It’s the middle of winter and there is 6” of snow on the ground. You have had a long day at work and need to relax. Out to the hot tub you go! You peel back the cover only to find cloudy water!
It is a situation we have all been in, but it can be fixed.
First you need to identify why the water is cloudy, then you can address the problem.
Low sanitizer level
The most likely cause for your cloudy water is either due to high usage, an inadequate amount sanitizer, or both. Luckily, the fix is simple. Whether you use bromine or chlorine, add the recommended dosage and allow it to filter.
Total Alkalinity or High Calcium Hardness
The ideal alkalinity level for a spa is between 80-120ppm. When the total alkalinity is too high it can cause carbonates to fall out of solution resulting in cloudy water. When the alkalinity is too low it causes the pH to fluctuate. Water that is too alkali or acidic can be harmful to you and your equipment. To remedy this, simply add alkalinity increaser to raise both the total alkalinity level and the pH level of the water. If the pH is too high simply add pH decreaser. The other possibility is that the calcium hardness is off. This issue most likely started with your source water containing a high calcium hardness level. When the calcium level is too high it will fall out of solution, resulting in the cloudy water. To lower your calcium level simply add a calcium hardness decreaser. This will cause the calcium to bind together, not letting it fall out of solution and cloudy your water.
Lotions, soaps, or hair products
Unless you are diligent about showering prior to entering the spa, you are introducing oils, phosphates, and detergents into your water. Everything from sweat, dirt, and even your hand soaps contribute to this. These will use up your sanitizer, build up in the jet lines, and clog up your filter causing the cloudy water. Heavy usage of the spa will further contribute to this problem. One solution to this problem is to shock the water allowing it to break down the particles. Another solution is to add an enzyme to the water allowing it to essentially “eat” anything that is floating in the water.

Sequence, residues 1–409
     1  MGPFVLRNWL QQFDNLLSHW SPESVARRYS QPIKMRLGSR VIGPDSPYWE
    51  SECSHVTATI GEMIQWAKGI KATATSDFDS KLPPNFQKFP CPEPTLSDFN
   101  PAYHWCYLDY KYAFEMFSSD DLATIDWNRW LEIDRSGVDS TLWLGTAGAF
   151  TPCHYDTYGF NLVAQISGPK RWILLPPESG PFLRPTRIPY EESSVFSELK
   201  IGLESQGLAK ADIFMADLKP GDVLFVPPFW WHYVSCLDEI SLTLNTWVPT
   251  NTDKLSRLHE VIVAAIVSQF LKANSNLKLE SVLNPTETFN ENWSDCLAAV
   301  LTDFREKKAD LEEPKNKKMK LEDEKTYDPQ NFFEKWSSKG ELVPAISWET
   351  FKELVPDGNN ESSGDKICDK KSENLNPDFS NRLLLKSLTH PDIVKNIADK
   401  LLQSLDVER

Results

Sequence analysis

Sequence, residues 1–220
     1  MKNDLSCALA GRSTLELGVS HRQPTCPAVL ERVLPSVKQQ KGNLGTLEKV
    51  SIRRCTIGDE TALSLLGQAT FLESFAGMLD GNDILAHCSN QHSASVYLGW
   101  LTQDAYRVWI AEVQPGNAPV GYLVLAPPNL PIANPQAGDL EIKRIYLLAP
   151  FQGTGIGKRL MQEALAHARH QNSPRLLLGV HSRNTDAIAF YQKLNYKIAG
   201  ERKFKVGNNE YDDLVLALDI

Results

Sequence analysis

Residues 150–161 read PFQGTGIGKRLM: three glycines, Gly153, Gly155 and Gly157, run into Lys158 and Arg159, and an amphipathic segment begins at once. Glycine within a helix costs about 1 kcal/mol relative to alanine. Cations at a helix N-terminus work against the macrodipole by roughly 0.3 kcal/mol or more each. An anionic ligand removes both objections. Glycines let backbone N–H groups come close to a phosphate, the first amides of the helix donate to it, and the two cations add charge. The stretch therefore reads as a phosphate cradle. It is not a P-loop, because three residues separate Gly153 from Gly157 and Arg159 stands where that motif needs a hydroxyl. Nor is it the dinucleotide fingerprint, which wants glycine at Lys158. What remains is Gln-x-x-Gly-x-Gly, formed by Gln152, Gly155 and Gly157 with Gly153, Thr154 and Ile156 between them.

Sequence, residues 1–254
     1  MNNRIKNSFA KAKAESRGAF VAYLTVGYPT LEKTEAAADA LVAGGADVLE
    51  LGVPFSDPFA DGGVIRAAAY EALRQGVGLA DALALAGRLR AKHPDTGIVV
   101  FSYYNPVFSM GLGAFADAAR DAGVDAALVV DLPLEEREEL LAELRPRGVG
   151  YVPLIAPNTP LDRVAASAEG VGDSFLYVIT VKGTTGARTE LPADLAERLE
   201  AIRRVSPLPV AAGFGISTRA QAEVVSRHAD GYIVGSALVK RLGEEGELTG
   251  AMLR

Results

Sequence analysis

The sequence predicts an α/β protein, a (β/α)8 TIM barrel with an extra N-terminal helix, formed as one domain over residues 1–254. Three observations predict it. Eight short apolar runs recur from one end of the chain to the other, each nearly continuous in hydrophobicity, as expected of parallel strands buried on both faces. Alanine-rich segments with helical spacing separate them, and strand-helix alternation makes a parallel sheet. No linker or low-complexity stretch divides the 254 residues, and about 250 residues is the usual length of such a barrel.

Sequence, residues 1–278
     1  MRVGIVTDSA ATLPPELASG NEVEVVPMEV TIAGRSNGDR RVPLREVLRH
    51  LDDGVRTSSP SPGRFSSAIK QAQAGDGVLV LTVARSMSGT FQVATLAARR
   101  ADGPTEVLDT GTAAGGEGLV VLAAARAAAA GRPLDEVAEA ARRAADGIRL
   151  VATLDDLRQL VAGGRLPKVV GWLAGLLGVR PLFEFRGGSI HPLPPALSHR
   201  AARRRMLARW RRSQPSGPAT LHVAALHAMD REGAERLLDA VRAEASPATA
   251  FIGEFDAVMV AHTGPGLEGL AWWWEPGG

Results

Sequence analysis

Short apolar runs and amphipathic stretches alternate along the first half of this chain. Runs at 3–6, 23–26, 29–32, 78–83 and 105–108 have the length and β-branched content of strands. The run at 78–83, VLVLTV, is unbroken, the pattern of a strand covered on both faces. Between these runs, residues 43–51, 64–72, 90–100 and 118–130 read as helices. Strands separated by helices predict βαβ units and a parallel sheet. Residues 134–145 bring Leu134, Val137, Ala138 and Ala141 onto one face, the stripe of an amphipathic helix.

The foreign particles that you introduce into your spa are the most likely cause of this. The filter’s job is to catch all of the “gunk” floating in the water and remove it. While it is doing that, the particles build up on the filter, causing the water to not filter as well as it does with a clean filter. The solution to this is easy! Take the filter out once a month and clean it with filter cleaner, unless you notice an abnormal amount of build-up on the filter, then clean it as often as needed. Once a year the filter needs to be replaced entirely.
Cloudy water can seem like a huge problem, but most of the time its really not. Think carefully about which one of these may be the culprit, but keep in mind that it may be multiple problems combined. If you have checked all of the above problems and cannot seem to fix the problem, you always have the option of using a clarifier. If that does not work, simply drain and refill your spa and start with fresh, clean water.